It is the wee morning on Christmas Eve. I am the only one awake. All life beyond my window is suspended in a wordless quiet under a heavy blanket of snow. As I made my cup of green jasmine tea this morning, I stared out at the dark trees behind our house–only illuminated by the sparse bits of light reflected off the pristine snow pile. I thought of my baby–my first baby–who is half way around the world and likely preparing to go to sleep on this Christmas Eve away from her family. While I allowed only one tear to escape my eye, my breasts’ let down their milk and began to drip all over the kitchen. I thought it very interesting that not only would thoughts of my tiny baby, upstairs asleep in his crib, evoke such a reaction–but also thoughts of a 17-year old daughter in Japan. Incidentally, I have been thinking much this week about the process of weaning her 15 years ago, while I was pregnant with her brother Ethan. I have always had some regret about her weaning. She really wasn’t ready. Given the events of this past week, I understand why I have been thinking so much about her weaning.
As it turns out, this past week both Hannah and I have realized that we have been too connected, via email and Skype, over her first 4.5 months in Japan. This has not helped her, but has actually hindered her immersion into that culture and her feelings of belongingness with her Japanese host family. She and I have both committed to disconnecting from one another so that she can remove the foot she still has firmly placed here at home and fully enter her experience in Japan. Although this is an incredibly hard step for Hannah to take, especially over the holidays, I am so proud of her. She has made the decision to stay. She has realized what it will take for her to stay. She is growing up.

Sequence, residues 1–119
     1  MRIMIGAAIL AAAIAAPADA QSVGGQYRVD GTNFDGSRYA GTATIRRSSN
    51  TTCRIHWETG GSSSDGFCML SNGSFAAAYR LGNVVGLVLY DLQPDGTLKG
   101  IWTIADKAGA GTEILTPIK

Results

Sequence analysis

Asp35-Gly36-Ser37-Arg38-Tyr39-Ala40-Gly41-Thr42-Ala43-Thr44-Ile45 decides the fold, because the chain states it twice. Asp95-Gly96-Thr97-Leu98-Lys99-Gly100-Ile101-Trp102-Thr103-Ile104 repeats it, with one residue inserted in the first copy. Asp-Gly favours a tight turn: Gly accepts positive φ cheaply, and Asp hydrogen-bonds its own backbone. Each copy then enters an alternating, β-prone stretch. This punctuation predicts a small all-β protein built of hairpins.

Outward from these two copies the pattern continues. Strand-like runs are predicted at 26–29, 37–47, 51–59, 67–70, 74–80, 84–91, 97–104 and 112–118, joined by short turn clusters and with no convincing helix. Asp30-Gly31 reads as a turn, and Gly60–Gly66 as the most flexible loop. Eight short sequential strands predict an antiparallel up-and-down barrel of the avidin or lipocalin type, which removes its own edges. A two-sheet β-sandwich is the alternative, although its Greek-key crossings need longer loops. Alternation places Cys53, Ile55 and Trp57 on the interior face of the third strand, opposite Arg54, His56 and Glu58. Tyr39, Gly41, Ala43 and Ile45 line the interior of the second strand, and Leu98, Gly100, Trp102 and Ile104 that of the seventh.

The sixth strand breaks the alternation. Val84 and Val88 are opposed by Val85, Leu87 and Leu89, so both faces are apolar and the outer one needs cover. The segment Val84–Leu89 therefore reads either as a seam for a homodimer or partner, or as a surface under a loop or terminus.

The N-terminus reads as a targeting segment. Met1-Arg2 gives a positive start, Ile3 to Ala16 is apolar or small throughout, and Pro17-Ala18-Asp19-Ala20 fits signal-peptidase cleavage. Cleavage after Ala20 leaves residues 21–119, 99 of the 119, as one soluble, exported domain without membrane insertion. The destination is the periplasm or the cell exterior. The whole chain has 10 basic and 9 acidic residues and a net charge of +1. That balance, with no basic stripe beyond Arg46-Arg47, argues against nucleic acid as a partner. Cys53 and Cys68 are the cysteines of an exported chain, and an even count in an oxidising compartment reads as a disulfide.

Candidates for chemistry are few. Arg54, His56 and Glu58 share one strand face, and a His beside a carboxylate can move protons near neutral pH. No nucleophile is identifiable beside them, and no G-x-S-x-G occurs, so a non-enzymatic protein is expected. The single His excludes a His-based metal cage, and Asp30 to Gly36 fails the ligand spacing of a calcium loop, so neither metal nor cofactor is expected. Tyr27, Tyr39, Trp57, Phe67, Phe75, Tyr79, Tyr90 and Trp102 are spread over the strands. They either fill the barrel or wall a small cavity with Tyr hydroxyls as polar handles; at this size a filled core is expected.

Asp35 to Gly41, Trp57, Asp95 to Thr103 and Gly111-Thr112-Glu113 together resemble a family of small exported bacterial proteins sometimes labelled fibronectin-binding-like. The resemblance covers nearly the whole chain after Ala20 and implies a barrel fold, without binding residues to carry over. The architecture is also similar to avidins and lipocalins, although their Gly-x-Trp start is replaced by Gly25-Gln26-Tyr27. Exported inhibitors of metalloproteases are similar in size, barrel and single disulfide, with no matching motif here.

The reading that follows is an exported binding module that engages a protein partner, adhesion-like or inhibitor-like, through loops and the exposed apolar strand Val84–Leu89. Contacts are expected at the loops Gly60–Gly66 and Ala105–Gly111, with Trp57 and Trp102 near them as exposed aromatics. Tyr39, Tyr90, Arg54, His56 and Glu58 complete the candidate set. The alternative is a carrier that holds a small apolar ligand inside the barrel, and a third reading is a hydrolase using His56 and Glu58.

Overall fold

It is funny, I’ve been meaning to take a picture of the two books I am reading right now, because they capture the strange polarity of this year so nicely. One is a small book with advice on babies, since I have forgotten some of this information through the years and required a refresher. The other is a book on colleges, Looking Beyond the Ivy League I believe is the name. Ironically, it was the book on babies that proved most instructive to me with respect to Hannah over the past few days. While preparing for Josh to start some limited daycare hours with my Aunt and Uncle this upcoming month, I was reading about separation anxiety and read this passage:
Parents walk a fine line. On the one hand, you need to offer love and empathy. On the other hand, you need to show confidence in your child’s ability to get along while you’re away. So don’t discourage tears or pooh-pooh sad feelings, but equally, don’t allow tears to change your mind about leaving. Often a child’s feelings about separating are directly connected with the parent’s ability to let go.
Faull, Jan. Darn Good Advice–Baby, p. 101
I realize now that my own inability to properly let go of Hannah has been actually harming her and chipping away at her own self-confidence. I wish I had realized this sooner; better late than never though. It has been a process; it is still a process. All of life is a process.
I love that daughter of mine so much. Her strength and courage have amazed me all of her life. I trust her abilities and her good sense to navigate the road ahead. I am grateful for our love that will always bind us so close and is strong enough to allow this space between us for growth and change.